There's been an ambient awareness of the Flaming Lips this year, and frontman Wayne Coyne has been the source. He's taken on the role of social media's merry prankster, most recently Tweeting potential nudie photos of Erykah Badu on the set of their recent video shoot. There's also the matter of Heady Fwends, their collaborative double album, which many Dallas folks helped pour, and the subsequent "collector's" version, which contains blood from people like Ke$ha, Nick Cave and Sean Lennon.
Going on close to 30 years as a band, Flaming Lips have entered a new phase of trial and error, of trying new approaches and seeing what crazy ideas actually work. Coyne gets a wild hair and suddenly there's a market for Gummy Fetuses. The Lips also revamped a song for the Oklahoma City Thunder to use and are attempting to break Jay-Z's record for most shows in multiple cities in a 24-hour span. So, ya know, what did you do today?
The Flaming Lips are headlining Friday's KXT Summer Cut with St. Vincent, Fitz & the Tantrums and more, so I asked Coyne what I've been dying to for months now.
When exactly do you sleep? I have the greatest life ever. I am 51 years old, and something happens to you that allows you not to sleep. On a normal night, I don't sleep that much. On a day like today, I might sleep for five minutes, then I'm good to go. I'm not like a drug addict, where I have three good days and two bad days. All those things I do give me energy.
I was one of the people that helped pour vinyl for Heady Fwends, so hopefully there's some of my dead skin or hair or fingernails in there. Hopefully not too much hair or too many fingernails.
No no, it's nothing to worry about. I'm not losing teeth or anything. But I did enjoy the collaborative process. We ended up doing 20,000 records, as you know, and I tell people this is being done by hand; this isn't a futuristic machine doing it, these are people. Like a lot of intense art, there's a middle part where you're doing it and you find the nuance of creativity. When it is the grind, 14 hours a day, that's where artists hone in on their craft. It's hell but it's mind expanding.
How did you track all these Fwends down? There'd be a bit of a panic sometimes. In the beginning, I would just run into people. I ran into Neon Indian at a Prefuse 73 show and started talking. Then Neon Indian just happened to be recording with Dave Fridmann, so it was convenient. From then on, we worked with people via email. Through Twitter we found Justin Vernon, then within a day we're sending each other something. I knew Erykah was in a studio in Dallas, so I mentioned to [the Klearlight Studio engineer] that I wanted to do something with her. And then she texted me: "What you want, motherfucker?" It's like I'm a used car salesman. Hey, you came to the lot.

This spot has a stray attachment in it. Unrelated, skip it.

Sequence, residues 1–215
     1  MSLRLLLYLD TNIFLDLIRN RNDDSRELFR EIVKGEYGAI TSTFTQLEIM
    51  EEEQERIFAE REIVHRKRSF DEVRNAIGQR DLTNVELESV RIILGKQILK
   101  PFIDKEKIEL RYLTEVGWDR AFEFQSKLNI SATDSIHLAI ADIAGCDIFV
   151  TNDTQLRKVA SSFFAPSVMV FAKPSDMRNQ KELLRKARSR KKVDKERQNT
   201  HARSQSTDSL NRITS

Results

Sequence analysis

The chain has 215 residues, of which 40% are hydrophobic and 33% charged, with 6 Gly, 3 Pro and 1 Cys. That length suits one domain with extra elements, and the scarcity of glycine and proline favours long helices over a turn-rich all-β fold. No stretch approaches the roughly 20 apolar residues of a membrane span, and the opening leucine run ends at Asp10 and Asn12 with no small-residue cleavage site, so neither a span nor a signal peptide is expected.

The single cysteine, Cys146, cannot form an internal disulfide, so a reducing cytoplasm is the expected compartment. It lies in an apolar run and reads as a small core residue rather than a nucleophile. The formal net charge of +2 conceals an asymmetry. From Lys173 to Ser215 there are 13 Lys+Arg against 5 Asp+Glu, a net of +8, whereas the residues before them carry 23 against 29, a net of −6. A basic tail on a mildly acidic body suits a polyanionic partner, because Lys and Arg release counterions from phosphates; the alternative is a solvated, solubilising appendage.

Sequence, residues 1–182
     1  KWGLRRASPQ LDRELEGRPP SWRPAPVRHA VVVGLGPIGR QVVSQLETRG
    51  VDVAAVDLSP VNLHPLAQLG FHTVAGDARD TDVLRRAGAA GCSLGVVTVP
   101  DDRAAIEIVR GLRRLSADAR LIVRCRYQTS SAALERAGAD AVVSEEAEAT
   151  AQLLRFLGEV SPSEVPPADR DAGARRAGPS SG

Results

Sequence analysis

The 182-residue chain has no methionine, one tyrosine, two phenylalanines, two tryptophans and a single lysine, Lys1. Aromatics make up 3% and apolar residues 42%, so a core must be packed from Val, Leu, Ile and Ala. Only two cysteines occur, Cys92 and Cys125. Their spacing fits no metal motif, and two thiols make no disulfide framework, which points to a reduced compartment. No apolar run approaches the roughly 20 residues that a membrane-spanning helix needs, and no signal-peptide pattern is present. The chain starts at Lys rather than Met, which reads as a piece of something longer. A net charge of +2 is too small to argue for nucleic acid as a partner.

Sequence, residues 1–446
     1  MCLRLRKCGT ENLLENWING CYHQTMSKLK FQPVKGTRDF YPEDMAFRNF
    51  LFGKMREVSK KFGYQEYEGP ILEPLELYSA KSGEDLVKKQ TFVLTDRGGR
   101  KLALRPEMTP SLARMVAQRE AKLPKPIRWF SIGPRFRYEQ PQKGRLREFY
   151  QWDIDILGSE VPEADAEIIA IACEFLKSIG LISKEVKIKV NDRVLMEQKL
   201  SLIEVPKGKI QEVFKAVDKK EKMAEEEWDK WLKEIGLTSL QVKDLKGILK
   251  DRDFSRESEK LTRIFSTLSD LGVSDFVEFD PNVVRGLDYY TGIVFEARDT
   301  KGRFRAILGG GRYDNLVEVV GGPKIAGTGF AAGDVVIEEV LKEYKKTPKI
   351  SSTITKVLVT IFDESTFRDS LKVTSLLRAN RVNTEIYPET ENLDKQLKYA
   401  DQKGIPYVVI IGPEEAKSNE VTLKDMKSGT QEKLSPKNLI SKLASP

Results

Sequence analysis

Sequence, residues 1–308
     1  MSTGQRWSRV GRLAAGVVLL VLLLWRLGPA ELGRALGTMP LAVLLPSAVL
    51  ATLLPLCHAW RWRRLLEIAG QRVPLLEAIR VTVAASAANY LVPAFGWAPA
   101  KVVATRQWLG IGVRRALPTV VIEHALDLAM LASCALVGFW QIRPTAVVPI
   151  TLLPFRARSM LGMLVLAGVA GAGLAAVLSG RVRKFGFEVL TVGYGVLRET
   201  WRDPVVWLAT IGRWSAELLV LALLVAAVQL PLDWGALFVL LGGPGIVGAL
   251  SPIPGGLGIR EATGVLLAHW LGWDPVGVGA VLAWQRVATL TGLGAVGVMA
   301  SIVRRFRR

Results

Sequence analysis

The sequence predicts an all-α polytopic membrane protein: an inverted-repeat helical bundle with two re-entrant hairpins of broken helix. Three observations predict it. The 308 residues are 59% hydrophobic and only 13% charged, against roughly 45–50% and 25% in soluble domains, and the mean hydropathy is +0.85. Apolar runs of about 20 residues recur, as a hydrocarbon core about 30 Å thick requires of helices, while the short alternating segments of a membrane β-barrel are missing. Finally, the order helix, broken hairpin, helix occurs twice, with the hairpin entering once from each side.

So how did you then get people to give you their blood? It's like a Steven Spielberg movie: In one scene there's no blood, in the next, there is.
If you like this story, consider signing up for our email newsletters.
SHOW ME HOW
You have successfully signed up for your selected newsletter(s) - please keep an eye on your mailbox, we're movin' in!
But legally... Legally, you can't go get blood taken out and then keep it with you. I have a nurse who comes by the house. I go back and forth a lot: Wayne, this is too crazy; Wayne, let's do this. I found a guy who works for a donation center and is a big Flaming Lips fan. So he helped us out.
Have you actually played this blood record? Yeah, you have to keep it in the fridge. It's a bit moist, but it's very playable.
But no one's really going to play it, right? No, I think people will just keep it around.
I feel like you, more than a lot of musicians, have harnessed social media in a way that's sort of voyeuristic, but in a positive way. I'm doing it for our fans. They've given me this life. Our fans are musicians and artists. Seeing people do things is inspiring. Back in 1983, at the Black Flag show, we watched them unload, play, we talked to them, then they loaded up. It wasn't seeing them play. It was: How would they do it? So [Twitter] is just me saying: Here's what I'm doing. It's a relief to artists sometimes, that you can change your mind in the middle of a process. Have ideas, but ideas are thing in your mind. It's what you do with them that matters.